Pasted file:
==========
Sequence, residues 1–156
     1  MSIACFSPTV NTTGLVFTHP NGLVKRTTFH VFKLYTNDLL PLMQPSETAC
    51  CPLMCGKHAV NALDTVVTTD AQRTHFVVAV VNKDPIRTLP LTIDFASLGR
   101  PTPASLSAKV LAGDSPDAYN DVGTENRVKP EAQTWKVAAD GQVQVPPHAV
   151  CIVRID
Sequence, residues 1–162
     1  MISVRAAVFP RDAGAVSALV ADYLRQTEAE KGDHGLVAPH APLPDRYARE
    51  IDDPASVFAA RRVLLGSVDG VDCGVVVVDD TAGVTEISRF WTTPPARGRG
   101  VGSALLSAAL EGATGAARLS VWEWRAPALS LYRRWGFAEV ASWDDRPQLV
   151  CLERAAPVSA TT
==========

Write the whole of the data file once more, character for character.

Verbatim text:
Sequence, residues 1–156
     1  MSIACFSPTV NTTGLVFTHP NGLVKRTTFH VFKLYTNDLL PLMQPSETAC
    51  CPLMCGKHAV NALDTVVTTD AQRTHFVVAV VNKDPIRTLP LTIDFASLGR
   101  PTPASLSAKV LAGDSPDAYN DVGTENRVKP EAQTWKVAAD GQVQVPPHAV
   151  CIVRID
Sequence, residues 1–162
     1  MISVRAAVFP RDAGAVSALV ADYLRQTEAE KGDHGLVAPH APLPDRYARE
    51  IDDPASVFAA RRVLLGSVDG VDCGVVVVDD TAGVTEISRF WTTPPARGRG
   101  VGSALLSAAL EGATGAARLS VWEWRAPALS LYRRWGFAEV ASWDDRPQLV
   151  CLERAAPVSA TT